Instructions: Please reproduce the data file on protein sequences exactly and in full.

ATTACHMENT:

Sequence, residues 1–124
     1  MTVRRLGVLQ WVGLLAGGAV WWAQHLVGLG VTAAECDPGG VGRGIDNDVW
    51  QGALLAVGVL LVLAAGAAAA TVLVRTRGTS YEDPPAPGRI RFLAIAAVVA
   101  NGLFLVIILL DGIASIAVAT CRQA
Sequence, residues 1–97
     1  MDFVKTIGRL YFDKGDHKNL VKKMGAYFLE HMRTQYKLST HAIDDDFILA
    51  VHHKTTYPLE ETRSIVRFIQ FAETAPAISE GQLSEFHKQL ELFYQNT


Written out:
Sequence, residues 1–124
     1  MTVRRLGVLQ WVGLLAGGAV WWAQHLVGLG VTAAECDPGG VGRGIDNDVW
    51  QGALLAVGVL LVLAAGAAAA TVLVRTRGTS YEDPPAPGRI RFLAIAAVVA
   101  NGLFLVIILL DGIASIAVAT CRQA
Sequence, residues 1–97
     1  MDFVKTIGRL YFDKGDHKNL VKKMGAYFLE HMRTQYKLST HAIDDDFILA
    51  VHHKTTYPLE ETRSIVRFIQ FAETAPAISE GQLSEFHKQL ELFYQNT